Tips for Traveling in “Dangerous” Places

ColombiaAs I get ready for a trip to Colombia, lots of people have been quick to greet the news of my latest travels with a well-meaning, “Be careful; it’s dangerous there!”

But is it really any more dangerous than anywhere else I’ve traveled or lived?

Our perceptions of what make a place seem dangerous are shaped by many factors—the hyper-dramatic media more interested in getting a quick and juicy story than sticking around to figure out the complicated dynamics of a place; government agencies driving their own political and economic agendas; and rumors that have taken on a life of their own. All of these are dubious sources of useful information for the traveler getting ready to depart for a place that’s perceived as having a high danger factor.

While common sense should be the traveler’s golden rule no matter where he or she roams, there are a few other tips that you can take along when planning to travel to “dangerous” places.

Before Your Trip

10. Check your facts…and your fears. Sit down and make a quick inventory. What have you heard about the country you’ll be visiting? What do you actually know about the country? Where did you get this information? How accurate and reliable is the source? How is danger defined? Is danger calculated in terms of actual, measurable risk?

For instance, though Puerto Rico is not perceived as a dangerous tourist destination, I lived there for 2.5 years and during that time learned that it was the fifth most violent country in the world (per capita) due to the rate of gun deaths. While most of the deaths occur between people who know each other, innocent bystanders have been injured…so often, in fact, that the Puerto Rico Police Department has an annual campaign to combat the errant bullets of people who fire guns into the air to welcome the new year. This is a kind of danger that can be substantiated and avoided.

9. Read advisories and travel warnings and put them into perspective. By all means, visit the State Department’s website and review the travel warnings if you must. But then read more about the country and learn about aspects of its history and present that don’t come across in warnings or the news. Check out blogs, travel forums, local newspapers and magazines, and books written IN the country you’ll be visiting. Often, locals have a much different—and more valuable—perspective of themselves than outsiders. For my upcoming trip to Colombia, for instance, I found a great web portal that has introduced me to dozens of blogs about everything from the popular music of the moment to youth political movements.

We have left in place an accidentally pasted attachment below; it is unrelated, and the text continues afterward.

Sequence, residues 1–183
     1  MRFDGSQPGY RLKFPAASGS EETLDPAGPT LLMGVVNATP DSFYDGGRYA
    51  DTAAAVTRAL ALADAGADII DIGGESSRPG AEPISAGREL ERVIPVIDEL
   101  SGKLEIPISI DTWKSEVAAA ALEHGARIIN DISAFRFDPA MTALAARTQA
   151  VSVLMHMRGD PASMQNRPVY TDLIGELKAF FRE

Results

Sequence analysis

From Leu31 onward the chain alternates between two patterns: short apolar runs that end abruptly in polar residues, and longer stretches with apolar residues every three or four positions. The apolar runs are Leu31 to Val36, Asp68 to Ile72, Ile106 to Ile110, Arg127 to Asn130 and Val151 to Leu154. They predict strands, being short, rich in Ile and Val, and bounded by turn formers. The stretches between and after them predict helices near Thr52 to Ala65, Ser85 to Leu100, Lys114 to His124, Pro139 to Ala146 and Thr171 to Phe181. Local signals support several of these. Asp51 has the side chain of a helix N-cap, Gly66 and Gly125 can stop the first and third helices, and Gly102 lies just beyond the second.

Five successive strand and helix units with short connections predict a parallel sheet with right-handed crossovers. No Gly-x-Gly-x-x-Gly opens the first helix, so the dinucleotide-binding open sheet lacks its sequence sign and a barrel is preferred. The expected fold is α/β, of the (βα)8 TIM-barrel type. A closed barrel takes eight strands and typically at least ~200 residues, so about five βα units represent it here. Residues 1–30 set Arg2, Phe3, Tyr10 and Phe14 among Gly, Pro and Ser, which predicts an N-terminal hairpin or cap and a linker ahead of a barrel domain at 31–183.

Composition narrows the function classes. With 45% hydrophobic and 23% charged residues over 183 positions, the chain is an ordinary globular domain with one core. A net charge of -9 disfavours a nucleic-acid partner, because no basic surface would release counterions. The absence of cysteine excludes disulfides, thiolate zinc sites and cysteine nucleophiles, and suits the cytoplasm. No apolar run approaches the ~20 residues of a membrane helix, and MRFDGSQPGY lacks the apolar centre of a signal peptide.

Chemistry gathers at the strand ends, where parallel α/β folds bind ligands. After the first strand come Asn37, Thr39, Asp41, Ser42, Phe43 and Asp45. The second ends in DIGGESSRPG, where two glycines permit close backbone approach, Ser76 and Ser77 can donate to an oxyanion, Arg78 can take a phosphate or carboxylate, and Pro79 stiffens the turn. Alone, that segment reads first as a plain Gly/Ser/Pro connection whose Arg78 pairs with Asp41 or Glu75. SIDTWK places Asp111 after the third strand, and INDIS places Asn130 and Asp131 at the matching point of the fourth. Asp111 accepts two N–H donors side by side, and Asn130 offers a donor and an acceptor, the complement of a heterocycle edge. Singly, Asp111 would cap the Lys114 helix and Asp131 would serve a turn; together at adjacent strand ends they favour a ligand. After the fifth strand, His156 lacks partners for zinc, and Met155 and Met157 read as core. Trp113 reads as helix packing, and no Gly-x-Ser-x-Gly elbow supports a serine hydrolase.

During Your Trip

8. Look at the locals. That old saying about doing as the Romans do has lasted as long as it has because it works. Do you see people on the street wearing flashy jewelry? No? Then don’t wear flashy jewelry!

7. Let people know your plans. This may sound a bit fatalistic or too Type A for some folks, but telling trusted people what your plans are will help you get tracked down if something horrible does happen to you. For instance, when traveling alone, I send my husband or my mom an email to say what my plans for the day are. It’s always a simple message. Here’s one I sent yesterday: “Hi! Taking the Metro to the Lagunilla Market today and then to see the bulls at Plaza Mexico at 4pm. Be home around 8pm; talk to you then!”

6. Keep an emergency contact card in your pocket, wallet, or bag. Your passport and driver’s license are of little use for helping people know who to contact if you have an emergency. Here’s what I keep on my person: “My name is Julie Schwietert Collazo. My blood type is O+. I have no known allergies, do not take medication, and have no illnesses. In case of an emergency, please contact my husband, Francisco Collazo, at 001-123-456-7890.” Two important tips: (1) Be sure to put the country code of your emergency contact in the phone number. The United States is not the center of the universe. (2) Write the card in English and in the language of the country where you’ll be traveling. Update the card as needed. I can’t emphasize this tip enough; a friend recently fainted on the metro in Mexico City, and this type of card helped her get medical attention right away.

5. Use authorized taxi services. If there’s a tip I’m prone to ignore, it’s this one, because following it requires that I call a taxi service in advance. But it’s worth doing. If you’re going to be traveling in a city or country for a longer period of time, keep some transportation contact information in your wallet and call for authorized service rather than sticking your hand out for ad hoc service. This applies as much in New York as it does outside the U.S.

4. Drink in moderation. Really. This is a tip I NEVER violate. Even if you have a high tolerance for alcohol, people under the influence are targets for criminals anywhere in the world. Also, when you drink excessively, your judgment and ability to make decisions are severely compromised. Be judicious in your use of alcohol.

After Your Trip

3. Spread the word. You came back alive!! Let people know about your trip. When you’re asked, “Was it dangerous?” answer honestly based on your own experiences. A great way to begin contesting the image of certain countries as dangerous is to share our travels there through blogs or slideshows. Start speaking out against stereotypes of people and places that deserve a closer look.